Former Klansmen Indicted in Burning of Two Black Churches
CHARLESTON, S.C. (AP) _ Two former Klansmen were indicted Friday on federal civil rights charges for allegedly plotting the burning of a black church by two cohorts.
Arthur Allen Haley and Hubert ``Herbert″ Lavon Rowell were charged in a fire last summer at Macedonia Baptist Church in Bloomville.
Haley, a former Klan leader who said he left the group a year ago, organized rallies attended by Gary C. Cox and Timothy A. Welch. Cox, 22, and Welch, 24, pleaded guilty Wednesday to burning Macedonia Baptist and a church in Greeleyville.
Haley selected Macedonia Baptist to be burned, and Rowell instructed Cox and Welch how to use a plastic jug of flammable liquid to set the fire, prosecutors said.
Haley and Rowell were also accused of burning an empty Hispanic migrant camp and a black man’s car in 1995.
Haley’s lawyer, Dale Cobb, denied all the charges.
In an interview with The State newspaper in Columbia Thursday, Haley said the government is targeting Klan leaders in its probe of church fires.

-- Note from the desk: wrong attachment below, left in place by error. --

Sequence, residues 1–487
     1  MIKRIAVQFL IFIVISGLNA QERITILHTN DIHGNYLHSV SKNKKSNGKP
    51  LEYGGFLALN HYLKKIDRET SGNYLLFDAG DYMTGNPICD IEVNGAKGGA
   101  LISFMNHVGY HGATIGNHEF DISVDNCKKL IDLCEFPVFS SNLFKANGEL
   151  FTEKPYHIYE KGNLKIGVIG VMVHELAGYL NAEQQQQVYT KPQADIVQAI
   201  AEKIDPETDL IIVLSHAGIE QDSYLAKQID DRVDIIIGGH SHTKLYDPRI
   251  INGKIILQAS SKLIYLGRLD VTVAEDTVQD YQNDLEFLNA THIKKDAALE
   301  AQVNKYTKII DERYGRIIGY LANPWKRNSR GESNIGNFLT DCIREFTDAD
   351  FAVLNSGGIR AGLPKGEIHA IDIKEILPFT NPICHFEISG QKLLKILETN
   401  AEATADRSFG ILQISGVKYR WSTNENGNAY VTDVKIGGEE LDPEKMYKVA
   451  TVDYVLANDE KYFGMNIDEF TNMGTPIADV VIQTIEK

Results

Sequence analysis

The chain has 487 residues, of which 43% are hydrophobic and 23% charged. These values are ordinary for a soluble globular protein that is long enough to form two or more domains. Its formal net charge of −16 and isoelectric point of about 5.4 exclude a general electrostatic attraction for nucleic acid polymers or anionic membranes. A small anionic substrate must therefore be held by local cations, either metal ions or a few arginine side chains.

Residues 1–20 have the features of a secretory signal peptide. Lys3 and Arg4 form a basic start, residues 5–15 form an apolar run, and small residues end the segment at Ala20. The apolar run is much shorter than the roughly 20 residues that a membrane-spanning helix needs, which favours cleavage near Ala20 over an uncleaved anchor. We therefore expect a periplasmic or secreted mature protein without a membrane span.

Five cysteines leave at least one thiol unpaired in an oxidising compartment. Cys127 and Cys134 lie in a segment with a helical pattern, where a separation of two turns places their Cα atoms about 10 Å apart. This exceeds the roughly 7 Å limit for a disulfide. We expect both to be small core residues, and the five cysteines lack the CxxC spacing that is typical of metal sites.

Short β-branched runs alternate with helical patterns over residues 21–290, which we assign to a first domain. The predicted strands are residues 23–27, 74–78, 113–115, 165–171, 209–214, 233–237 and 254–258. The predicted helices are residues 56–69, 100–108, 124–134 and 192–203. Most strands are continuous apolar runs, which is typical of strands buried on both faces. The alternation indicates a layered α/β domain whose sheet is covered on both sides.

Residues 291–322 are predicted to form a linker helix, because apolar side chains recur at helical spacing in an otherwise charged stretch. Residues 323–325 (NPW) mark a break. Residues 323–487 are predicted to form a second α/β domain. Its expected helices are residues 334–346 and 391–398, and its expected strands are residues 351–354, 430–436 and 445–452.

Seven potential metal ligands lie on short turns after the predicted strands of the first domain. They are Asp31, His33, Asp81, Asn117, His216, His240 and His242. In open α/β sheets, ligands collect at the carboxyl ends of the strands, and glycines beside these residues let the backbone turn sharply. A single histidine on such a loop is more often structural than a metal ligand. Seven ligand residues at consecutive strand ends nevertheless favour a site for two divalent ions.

``It’s a setup to get somebody,″ Haley said. ``They are after the Klan and they’re not going to stop.″
Horace King, a South Carolina KKK grand dragon, said in an affidavit Thursday the Klan had nothing to do with the church burnings.
``The destruction of any church ... is an un-Christian act and contrary to the goals and beliefs of the Christian Knights,″ King said.
More than 70 suspicious fires have broken out at church properties belonging to predominantly black congregations in the South since 1995. An equal number of fires have been reported at white churches in the region.
There is evidence of racism in at least 18 of the fires, but race has been ruled out in more than two dozen other cases.